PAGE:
It may feel like forever ago that panorama photos were the next big thing in documenting the world that literally surrounds you; however, hold onto your hats, because Vimeo recently launched 360 video. Perhaps, you’ve already heard some of the hype about virtual reality. Now, 360-immersive media is going mainstream with the Vimeo platform and a whole host of tech support to make it a seamless part of your creative production. Even if you can’t be Facebook or Instagram Live, 360 video gives the viewer the experience of seeing a recorded feature as if they were there in person.
What is 360 Video?
Imagine watching a currently normal, soon to be “old-school” video. You are able to see the one view of a scene that the director wants you to see. Think about if you were personally standing in that scene, you would be able to look up, down, right, left, and behind the camera as your eyes and body pivoted around the room. This is the power of 360-video. Instead of the director only showing what they want you to see, you, the viewer, now have the power to see beyond the default orientation to take in the full field of view.
So what does this actually look like? When clicking around Vimeo, 360 videos will be designated with a 360 badge to mark them for your viewing pleasure. Another key sign is the appearance of a compass that you can use to guide you as you navigate the video. Depending on what device you are viewing the video, you can use either the compass or simply tilt your mobile phone to span the different angles. As a result, your view of the video has the power to turn, tilt, and twist, just as if you were viewing it in person. While a little disorienting at first, 360-video takes you inside and immerses you in the content. No longer are you simply viewing a video, you are experiencing it.
How Do I Make it Happen?
From a technical standpoint, making a 360-video requires a bit of extra equipment, a subtle reorientation of your visual mind, and some new features for your editing software.
The Equipment: Almost any video can be great when viewed in 360, so with the spread of this option, take the time now to start investing in the technology you need to make it happen. When it comes to your camera, your first major decision is to determine if you want to create monoscopic (one lens) or stereoscopic (multiple lens and capable of producing depth) video. For most creatives, monoscopic is the norm and can still be viewed in a stereoscopic format. Additional equipment for more advanced videographers might also include a wireless or lav mic and lightstand– remember traditional booms and tripods don’t apply when your video is exposing what’s all around.
The Science: 360-video differs from regular video in that it is equirectangular, or as Vimeo explains, “The source file will resemble a sphere flattened down to 2D rectangle.” While your camera is shooting in 360 scope, in order to edit and view the video on screen, the footage needs to first be stitched together (if using stereoscopic cameras) and then needs to be flattened for editing. Editing softwares are currently adapting to 360, however the two that stand out on the market as compatible with both YouTube and Vimeo are Kolor Autopano and Premiere Pro. Finally, when uploading to the video player, the 360-range of coordinates used when originally filming will be mapped to allow for the final 360-viewing.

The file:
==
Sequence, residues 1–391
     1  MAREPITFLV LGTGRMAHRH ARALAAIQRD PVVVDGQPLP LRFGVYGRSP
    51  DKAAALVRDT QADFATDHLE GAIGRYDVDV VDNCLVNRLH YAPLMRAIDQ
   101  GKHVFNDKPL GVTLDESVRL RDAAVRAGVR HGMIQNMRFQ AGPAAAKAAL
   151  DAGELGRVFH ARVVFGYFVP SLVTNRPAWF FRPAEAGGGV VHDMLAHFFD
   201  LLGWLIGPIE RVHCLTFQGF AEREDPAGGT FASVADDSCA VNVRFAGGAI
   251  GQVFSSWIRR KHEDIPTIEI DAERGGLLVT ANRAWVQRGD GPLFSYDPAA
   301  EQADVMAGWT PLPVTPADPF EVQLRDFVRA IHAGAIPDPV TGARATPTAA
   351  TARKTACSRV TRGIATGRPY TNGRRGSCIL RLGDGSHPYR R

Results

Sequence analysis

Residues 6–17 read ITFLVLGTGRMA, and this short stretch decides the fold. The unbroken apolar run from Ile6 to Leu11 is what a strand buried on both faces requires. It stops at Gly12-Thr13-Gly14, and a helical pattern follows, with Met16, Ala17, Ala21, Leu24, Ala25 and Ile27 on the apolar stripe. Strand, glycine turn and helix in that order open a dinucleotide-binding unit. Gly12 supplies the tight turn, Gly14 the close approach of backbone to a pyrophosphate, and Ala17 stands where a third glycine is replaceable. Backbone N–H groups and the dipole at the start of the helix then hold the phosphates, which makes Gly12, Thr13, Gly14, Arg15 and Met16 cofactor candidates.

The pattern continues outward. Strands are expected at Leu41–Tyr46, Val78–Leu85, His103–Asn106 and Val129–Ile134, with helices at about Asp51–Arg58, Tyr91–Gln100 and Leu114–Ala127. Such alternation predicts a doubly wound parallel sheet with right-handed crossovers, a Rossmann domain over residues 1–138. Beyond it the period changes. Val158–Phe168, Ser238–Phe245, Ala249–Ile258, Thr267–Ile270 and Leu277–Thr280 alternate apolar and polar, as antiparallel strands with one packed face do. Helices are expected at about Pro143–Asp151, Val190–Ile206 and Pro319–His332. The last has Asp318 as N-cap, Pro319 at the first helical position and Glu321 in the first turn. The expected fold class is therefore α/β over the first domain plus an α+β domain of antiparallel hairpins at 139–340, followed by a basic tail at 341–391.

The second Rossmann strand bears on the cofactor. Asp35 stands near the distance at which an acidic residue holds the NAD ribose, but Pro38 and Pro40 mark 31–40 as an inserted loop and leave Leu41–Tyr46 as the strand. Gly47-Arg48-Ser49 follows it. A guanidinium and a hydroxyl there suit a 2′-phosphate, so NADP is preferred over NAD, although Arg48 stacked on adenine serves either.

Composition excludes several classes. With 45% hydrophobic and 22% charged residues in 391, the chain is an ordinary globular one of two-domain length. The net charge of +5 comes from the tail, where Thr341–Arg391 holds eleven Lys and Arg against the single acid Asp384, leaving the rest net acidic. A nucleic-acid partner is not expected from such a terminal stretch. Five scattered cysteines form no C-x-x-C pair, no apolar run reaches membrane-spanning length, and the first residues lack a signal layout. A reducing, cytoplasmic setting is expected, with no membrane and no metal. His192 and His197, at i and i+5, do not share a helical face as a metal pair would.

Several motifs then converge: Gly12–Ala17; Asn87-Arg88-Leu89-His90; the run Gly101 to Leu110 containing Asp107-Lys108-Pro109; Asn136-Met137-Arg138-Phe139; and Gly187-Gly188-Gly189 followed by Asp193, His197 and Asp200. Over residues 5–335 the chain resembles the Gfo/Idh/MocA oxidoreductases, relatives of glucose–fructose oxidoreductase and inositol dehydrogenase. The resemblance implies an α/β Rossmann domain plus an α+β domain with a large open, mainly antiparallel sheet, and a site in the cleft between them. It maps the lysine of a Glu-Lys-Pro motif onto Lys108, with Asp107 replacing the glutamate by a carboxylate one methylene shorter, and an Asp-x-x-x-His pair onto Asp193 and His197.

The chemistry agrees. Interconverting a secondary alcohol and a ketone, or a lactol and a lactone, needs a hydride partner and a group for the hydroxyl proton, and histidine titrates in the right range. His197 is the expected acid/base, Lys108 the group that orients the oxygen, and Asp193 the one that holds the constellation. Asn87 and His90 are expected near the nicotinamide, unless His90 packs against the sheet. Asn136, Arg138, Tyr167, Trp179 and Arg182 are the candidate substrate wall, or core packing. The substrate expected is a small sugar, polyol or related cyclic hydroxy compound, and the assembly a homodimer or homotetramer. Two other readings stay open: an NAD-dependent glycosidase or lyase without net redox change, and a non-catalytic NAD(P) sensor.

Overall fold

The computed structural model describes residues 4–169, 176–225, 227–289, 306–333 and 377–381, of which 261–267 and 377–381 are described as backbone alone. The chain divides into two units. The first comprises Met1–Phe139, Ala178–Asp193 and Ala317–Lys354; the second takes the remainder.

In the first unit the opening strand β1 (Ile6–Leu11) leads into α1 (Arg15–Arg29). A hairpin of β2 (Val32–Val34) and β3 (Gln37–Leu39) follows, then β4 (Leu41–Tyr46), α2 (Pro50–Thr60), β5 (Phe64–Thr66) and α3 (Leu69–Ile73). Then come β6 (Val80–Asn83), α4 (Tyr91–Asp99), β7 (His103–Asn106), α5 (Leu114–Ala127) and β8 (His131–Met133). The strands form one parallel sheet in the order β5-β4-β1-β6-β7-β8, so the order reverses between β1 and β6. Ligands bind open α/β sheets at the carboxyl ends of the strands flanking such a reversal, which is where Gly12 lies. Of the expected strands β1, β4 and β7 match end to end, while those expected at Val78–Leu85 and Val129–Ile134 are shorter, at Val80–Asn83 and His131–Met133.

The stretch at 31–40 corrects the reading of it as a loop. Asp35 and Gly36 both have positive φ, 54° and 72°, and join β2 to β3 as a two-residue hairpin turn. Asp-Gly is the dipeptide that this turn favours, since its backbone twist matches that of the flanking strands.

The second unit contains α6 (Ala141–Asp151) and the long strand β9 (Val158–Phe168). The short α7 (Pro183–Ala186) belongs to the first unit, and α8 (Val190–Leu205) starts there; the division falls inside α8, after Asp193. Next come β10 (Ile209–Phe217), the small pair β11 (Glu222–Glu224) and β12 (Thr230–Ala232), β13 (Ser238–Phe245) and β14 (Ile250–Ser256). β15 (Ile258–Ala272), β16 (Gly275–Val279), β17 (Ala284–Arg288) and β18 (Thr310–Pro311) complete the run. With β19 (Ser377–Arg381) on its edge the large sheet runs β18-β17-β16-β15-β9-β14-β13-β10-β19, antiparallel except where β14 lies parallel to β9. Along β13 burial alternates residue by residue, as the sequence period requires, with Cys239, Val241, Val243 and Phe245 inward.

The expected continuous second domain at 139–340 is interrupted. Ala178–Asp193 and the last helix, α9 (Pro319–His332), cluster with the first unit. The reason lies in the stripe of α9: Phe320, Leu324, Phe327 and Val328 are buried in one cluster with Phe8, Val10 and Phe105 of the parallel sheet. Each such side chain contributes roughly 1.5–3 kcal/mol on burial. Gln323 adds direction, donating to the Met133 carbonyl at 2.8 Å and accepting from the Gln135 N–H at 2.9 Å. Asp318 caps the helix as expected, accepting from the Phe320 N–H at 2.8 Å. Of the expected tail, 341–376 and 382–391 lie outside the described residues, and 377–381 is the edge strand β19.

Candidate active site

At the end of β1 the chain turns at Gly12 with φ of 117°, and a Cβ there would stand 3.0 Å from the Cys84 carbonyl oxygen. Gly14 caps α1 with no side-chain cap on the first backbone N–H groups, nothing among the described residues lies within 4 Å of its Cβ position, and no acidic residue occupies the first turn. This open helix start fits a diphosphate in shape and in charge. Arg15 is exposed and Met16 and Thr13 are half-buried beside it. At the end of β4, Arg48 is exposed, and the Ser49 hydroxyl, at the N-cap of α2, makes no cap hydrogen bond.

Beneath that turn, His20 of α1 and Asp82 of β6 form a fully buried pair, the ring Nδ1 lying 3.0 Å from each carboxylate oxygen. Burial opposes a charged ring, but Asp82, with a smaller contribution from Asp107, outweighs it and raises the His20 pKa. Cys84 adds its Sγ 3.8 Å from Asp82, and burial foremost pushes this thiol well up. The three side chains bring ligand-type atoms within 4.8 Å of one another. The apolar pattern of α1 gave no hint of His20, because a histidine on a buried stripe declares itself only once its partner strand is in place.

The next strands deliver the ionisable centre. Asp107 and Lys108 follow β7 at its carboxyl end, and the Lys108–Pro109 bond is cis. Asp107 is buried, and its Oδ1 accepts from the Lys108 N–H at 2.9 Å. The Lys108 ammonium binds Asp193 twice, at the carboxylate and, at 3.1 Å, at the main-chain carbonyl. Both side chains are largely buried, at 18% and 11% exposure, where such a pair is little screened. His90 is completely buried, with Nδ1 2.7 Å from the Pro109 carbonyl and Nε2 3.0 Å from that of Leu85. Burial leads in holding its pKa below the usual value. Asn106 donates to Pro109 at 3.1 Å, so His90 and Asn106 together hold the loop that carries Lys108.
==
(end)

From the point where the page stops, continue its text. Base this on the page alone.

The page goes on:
The Strategy: When shooting and editing, 360-video requires a bit of extra care to make sure there is continuity and clarity for viewers. Live monitoring apps are a great way to stay on track throughout the filming process, before being surprised in the editing and post-production stages. Although at first filming in 360-view might feel a bit cumbersome and strange, soon you’ll see that the format is actually more intuitive in that it mimics the view of the human eye. If you’re blown away by a view in person, your 360 camera will help you to capture the view for a small audience like your family after vacation or a big audience like the whole World Wide Web.
Get to Know 360-Style Videos (and some others)
This video from the American Museum of Natural History displays how 360-video can be used for educational purposes to engage viewers to interact with content. Plus, the colored circles are a great way to guide the viewer to stay on course as they scan around the full scope.
Source: AMNH, Vimeo
Discovery shows how 360-video can be used to draw the viewer into the action with this exhilarating roller coaster ride. Not only are you in the seat, you can also look all around at the view of the theme park and the clear, blue sky as they whiz by.
Source: Discovery, YouTube
Soaring overhead to give a bird’s-eye view, drone footage has become an innovative way to add a touch of the bigger picture to video. Although still more limited than 360, drones opened up our perspective of looking down rather than always pointing our camera’s up.
Recording from your point of view with a circular camera, Spectacles not only make snapping easy, they use a circular camera to allow you to tilt your camera to view what’s just beyond your usual smartphone screen.
Source: Spectacles, YouTube
Get ready to push both your videography and audience-member boundaries as you explore the new horizons of 360 video. While this trend is still relatively fresh, get in at the start to become a leader in this new form. With museums, artists, and TV channels already starting to use it for their digital content, who knows where the content you produce with these new skills might lead you. Grab your gear and start recording!
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